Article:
CLINTON - Registration is the price of admission for students; a list of extras including sports and extracurricular activities can triple the bite to parents' wallets.
Many parents have learned tricks to help with back-to-school expenses, including multiple shopping trips to spread the costs over the summer.
Lynn Martin and her husband Jim recently enrolled third- and seventh-graders and a high school junior in Clinton schools.
"This year we did school supplies one at a time. I probably don't pay a lot of attention to the school supply list - if they need 10 pencils, they get 10 pencils," said the mother of three daughters.
Budgeting for extracurricular activities has been made easier by a pay-as-you-go schedule in Clinton schools. "We pay for things like track and the Scholastic Bowl when the season starts. I really appreciate that," said Martin.
The Martins do not follow the national trend of spending about $228 on school clothing. Birthday and Christmas gifts are the source of much of the kids' clothing. "They wear what's in the closet. We definitely space that out and they know it," said Martin.
Any way you look at it, August is an expensive month for parents of school aged children.
According to a survey of families conducted by BIGresearch for the National Retail Federation, families with school-aged children will spend an average of $527.08, up from $443.77 last year. Total spending is estimated at $17.6 billion, up from $13.4 billion in 2005.
Central Illinois parents already feel the financial pinch that comes with the last wave of summer. Fees collected by school districts to enroll students vary from district to district; Blue Ridge, for instance, collects $50 for each student in the Farmer City-Mansfield district.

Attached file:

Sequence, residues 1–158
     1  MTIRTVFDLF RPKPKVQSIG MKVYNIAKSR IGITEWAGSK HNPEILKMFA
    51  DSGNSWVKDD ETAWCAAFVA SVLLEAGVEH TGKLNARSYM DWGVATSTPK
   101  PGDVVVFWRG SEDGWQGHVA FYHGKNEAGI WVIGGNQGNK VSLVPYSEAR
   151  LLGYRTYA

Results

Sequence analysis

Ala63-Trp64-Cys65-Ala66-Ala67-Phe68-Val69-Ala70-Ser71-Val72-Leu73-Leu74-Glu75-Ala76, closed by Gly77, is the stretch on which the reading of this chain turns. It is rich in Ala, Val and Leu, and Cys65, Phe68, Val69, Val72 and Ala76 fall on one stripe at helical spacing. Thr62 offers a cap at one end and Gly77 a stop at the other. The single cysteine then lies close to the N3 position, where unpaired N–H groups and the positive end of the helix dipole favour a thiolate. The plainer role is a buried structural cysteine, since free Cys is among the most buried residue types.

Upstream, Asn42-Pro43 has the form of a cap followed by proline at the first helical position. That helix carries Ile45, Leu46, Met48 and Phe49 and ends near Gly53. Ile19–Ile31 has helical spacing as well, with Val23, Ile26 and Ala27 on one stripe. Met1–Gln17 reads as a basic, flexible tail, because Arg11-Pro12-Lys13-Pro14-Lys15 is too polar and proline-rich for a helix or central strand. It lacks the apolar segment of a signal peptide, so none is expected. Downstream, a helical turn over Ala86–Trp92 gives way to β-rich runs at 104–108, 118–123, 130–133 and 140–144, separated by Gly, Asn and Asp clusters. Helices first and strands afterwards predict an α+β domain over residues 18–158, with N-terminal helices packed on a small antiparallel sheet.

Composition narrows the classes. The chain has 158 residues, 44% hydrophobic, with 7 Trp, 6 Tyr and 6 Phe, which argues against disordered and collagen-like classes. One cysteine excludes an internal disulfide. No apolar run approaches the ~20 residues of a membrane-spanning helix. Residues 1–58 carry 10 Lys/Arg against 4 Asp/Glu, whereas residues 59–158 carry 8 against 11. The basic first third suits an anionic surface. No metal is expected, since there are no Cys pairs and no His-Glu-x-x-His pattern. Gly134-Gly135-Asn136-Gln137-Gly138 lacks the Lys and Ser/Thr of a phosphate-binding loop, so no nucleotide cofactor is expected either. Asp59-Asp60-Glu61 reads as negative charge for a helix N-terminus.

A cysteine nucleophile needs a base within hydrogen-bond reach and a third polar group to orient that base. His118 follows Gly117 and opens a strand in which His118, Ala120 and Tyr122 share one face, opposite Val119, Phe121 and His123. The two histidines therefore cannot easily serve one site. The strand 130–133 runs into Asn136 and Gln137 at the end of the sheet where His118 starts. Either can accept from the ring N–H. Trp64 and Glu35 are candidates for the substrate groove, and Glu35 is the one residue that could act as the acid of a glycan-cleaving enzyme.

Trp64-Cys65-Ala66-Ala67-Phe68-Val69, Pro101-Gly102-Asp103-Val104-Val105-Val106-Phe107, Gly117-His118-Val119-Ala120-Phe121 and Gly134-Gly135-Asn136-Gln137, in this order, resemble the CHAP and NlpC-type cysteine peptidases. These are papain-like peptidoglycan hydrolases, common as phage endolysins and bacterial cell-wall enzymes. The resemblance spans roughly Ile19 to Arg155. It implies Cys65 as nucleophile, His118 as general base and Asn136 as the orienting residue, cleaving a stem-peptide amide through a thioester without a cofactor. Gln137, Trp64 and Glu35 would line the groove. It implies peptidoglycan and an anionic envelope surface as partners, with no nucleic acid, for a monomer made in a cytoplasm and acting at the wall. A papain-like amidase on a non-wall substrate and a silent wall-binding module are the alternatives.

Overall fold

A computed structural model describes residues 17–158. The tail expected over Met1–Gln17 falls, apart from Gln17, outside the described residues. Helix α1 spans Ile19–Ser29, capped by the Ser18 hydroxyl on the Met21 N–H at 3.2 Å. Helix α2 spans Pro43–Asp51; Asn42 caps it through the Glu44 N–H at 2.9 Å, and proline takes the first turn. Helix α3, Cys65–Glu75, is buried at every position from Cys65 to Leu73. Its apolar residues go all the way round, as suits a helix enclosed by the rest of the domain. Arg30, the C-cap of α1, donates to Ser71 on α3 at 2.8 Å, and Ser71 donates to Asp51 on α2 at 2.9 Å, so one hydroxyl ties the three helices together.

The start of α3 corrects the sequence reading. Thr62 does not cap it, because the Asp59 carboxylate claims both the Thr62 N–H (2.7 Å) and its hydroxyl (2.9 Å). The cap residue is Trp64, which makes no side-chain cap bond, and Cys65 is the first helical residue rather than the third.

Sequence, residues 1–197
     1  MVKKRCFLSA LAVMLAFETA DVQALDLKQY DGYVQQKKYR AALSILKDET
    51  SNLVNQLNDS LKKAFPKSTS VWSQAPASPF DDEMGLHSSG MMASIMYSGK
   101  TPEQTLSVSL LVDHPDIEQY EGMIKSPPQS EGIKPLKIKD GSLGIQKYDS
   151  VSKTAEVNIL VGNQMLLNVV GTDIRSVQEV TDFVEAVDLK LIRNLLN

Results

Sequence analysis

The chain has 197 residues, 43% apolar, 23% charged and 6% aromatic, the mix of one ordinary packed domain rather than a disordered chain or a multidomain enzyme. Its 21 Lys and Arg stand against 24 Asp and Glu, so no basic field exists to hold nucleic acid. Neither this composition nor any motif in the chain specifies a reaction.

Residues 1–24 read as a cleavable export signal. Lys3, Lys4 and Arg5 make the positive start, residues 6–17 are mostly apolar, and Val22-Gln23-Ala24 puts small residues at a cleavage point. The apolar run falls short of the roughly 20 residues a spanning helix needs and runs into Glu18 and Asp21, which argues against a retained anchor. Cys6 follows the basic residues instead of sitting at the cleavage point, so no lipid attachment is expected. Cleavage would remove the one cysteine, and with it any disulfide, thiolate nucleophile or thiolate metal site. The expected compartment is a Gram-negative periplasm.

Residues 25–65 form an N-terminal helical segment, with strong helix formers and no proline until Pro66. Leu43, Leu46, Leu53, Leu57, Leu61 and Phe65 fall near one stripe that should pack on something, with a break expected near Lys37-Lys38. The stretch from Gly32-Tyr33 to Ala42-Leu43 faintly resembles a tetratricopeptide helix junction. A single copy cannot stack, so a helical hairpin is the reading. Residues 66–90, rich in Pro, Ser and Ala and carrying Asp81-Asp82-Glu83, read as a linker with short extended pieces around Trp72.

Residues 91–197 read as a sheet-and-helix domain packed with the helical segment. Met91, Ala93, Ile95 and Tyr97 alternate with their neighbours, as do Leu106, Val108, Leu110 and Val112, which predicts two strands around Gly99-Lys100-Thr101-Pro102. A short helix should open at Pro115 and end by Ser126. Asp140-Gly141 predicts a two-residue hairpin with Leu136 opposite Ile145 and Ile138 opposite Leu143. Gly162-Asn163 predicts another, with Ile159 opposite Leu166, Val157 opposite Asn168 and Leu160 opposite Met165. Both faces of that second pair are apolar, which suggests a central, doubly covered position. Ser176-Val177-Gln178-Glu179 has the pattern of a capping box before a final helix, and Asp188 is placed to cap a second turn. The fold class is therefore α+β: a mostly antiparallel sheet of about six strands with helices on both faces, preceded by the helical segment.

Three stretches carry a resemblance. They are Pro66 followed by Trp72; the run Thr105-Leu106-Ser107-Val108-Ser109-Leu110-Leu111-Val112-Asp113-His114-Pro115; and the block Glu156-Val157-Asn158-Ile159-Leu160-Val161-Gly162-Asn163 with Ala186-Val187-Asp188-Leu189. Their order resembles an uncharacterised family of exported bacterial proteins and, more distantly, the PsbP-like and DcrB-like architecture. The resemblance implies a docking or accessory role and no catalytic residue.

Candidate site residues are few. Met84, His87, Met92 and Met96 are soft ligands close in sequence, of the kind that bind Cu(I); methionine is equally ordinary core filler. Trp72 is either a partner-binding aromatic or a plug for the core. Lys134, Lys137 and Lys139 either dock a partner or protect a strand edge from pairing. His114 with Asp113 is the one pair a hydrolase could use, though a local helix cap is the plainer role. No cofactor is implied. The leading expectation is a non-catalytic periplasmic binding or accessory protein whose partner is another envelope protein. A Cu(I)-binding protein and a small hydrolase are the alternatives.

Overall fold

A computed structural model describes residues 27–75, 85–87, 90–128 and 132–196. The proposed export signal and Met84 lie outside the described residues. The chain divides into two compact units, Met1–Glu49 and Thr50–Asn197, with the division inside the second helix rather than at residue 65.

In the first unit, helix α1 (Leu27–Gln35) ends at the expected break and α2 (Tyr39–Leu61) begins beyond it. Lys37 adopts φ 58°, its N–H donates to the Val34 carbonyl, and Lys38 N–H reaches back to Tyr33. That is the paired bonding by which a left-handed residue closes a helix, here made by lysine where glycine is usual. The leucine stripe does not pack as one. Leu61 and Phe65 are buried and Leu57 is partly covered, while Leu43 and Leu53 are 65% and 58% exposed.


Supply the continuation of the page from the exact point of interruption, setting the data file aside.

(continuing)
In Bloomington's District 87, registration fees begin at $35 for early childhood students, $60 for junior high and $70 for high school students. Clinton has increased its fees in recent years in response to sagging revenue, and parents pay $35 for kindergarten, $95 for elementary and $100 for junior high and high school students.
Parents whose financial circumstances qualify may receive waivers for textbook and other fees. Lunch costs also are subject to reductions and waivers.
Assistance is available in many districts for families who may need help with school supplies. In Clinton, the Write Stuff for Kids Inc. recently supplied about 500 students with school supplies. In Pontiac, the local Salvation Army and the Randy Spires Memorial Fund help families with the basics for school.
Classes, not just incidentals, also can add to the price tag of education. At Best Buy in Bloomington, "high school students are more interested in desktop than laptop computers," said spokesman Adam Doyle.
High school students also are asking about special electronic devices required for math classes. "We're seeing a lot of interest in graphing calculators," which range in price from $80 to $150.